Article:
For this answer, I will be using the three-part typology of authority that Max Weber created. In each of these forms of authority, authority is passed down in a different way.
In a system that relies on charismatic authority, there is no set way for authority to be passed down. Authority depends on the person having the innate character traits that make other people want to follow them. Therefore, power cannot simply be passed from one person to another. If the first leader dies, another person must establish that they have sufficient charisma to attract followers. There is no official way to pass power down in such a system.
In a system of traditional authority, power is passed down based on unwritten rules. If, for example, the tradition says that power always passed from the paramount chief of a part of an island to his oldest nephew, then that is what will happen when the chief dies. There is a set way for power to be passed down, but it does not happen to be codified in written laws.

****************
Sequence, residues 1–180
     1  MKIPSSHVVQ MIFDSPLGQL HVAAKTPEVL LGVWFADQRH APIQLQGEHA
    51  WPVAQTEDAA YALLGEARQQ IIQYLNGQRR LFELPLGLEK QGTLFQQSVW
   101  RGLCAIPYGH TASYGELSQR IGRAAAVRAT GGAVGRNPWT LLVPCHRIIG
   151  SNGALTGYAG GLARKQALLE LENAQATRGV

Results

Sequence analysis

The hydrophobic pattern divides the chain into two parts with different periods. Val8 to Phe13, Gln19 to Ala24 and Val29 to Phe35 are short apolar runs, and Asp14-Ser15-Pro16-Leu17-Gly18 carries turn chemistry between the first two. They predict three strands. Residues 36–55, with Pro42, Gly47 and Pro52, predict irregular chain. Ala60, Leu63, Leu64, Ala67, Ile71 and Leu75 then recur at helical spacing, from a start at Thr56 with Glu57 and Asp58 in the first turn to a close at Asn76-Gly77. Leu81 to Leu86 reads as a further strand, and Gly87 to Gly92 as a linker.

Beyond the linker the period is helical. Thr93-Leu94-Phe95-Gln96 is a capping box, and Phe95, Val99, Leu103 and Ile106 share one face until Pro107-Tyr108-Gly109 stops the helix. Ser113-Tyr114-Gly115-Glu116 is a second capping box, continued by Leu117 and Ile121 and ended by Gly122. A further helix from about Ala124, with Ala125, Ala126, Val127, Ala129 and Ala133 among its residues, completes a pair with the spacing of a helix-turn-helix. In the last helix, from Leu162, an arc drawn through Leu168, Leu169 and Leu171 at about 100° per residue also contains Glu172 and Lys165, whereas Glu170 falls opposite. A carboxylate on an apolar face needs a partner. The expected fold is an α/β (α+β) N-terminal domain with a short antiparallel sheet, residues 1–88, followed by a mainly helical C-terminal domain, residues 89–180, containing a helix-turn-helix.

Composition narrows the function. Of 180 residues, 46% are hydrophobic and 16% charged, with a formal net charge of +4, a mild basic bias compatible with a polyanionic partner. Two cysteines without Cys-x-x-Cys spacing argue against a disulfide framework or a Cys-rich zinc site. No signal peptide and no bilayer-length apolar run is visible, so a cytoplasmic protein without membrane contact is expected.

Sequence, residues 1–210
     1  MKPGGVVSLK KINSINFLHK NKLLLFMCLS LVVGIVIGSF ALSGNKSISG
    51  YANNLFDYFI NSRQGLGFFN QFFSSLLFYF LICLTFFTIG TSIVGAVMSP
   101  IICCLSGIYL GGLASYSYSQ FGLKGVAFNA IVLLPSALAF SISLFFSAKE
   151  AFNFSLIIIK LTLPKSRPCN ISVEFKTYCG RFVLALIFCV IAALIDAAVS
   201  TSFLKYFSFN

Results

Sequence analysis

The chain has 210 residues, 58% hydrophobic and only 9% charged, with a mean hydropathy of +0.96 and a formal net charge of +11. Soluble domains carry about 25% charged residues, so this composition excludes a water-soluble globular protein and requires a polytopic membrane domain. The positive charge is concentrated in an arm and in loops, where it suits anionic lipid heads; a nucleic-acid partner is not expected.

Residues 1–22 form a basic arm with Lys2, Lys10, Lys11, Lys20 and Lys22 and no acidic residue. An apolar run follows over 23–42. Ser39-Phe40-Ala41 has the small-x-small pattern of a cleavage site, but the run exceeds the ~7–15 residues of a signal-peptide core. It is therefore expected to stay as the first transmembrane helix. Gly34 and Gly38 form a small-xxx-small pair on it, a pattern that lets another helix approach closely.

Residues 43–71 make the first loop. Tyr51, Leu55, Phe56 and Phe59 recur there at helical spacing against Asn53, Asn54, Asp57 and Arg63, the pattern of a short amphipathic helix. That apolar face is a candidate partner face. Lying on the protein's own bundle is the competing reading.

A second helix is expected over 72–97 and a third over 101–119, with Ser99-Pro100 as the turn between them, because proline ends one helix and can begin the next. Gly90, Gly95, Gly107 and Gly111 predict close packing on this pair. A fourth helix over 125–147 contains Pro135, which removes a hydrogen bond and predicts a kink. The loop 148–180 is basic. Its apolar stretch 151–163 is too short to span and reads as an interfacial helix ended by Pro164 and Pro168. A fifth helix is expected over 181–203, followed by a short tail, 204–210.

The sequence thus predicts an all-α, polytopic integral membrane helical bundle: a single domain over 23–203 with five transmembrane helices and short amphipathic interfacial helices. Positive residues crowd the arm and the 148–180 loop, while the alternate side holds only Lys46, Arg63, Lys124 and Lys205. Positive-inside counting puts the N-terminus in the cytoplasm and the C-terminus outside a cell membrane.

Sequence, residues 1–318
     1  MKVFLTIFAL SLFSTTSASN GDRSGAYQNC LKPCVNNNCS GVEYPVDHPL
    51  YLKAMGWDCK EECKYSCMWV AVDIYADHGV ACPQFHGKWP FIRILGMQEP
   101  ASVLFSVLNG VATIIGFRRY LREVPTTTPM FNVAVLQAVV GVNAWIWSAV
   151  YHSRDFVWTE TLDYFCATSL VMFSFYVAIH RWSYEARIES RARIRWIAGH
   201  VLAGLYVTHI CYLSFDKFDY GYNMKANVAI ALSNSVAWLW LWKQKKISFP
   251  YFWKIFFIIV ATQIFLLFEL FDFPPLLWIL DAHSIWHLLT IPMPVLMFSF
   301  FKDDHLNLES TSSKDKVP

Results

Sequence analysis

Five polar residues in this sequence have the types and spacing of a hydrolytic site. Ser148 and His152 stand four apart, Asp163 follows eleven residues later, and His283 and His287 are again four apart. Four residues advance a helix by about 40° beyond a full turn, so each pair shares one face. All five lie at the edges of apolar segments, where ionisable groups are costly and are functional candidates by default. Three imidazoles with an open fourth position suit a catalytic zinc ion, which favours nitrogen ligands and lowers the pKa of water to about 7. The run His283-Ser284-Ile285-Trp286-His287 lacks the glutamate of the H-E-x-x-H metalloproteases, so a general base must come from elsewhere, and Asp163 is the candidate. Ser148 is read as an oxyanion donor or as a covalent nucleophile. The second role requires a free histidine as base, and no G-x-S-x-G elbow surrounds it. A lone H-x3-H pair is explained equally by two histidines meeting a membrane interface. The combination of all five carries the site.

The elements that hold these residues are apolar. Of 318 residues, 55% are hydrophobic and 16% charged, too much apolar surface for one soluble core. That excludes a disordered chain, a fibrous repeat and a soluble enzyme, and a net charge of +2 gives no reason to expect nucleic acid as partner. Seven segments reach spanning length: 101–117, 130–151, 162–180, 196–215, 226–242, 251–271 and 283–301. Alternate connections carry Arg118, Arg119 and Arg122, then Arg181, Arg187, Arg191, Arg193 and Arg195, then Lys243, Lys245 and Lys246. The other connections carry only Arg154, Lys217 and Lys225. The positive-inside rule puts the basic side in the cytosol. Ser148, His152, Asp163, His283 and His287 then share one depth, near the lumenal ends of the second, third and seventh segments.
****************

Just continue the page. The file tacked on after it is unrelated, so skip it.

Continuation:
In a rational-legal system, the way for power to be passed down is codified in written form. For example, in the United States, the power of the president is passed from one president to whoever wins the next election. The rules for when the elections will be held and who may run in them are set in the Constitution.
Thus, each form of authority is passed down differently.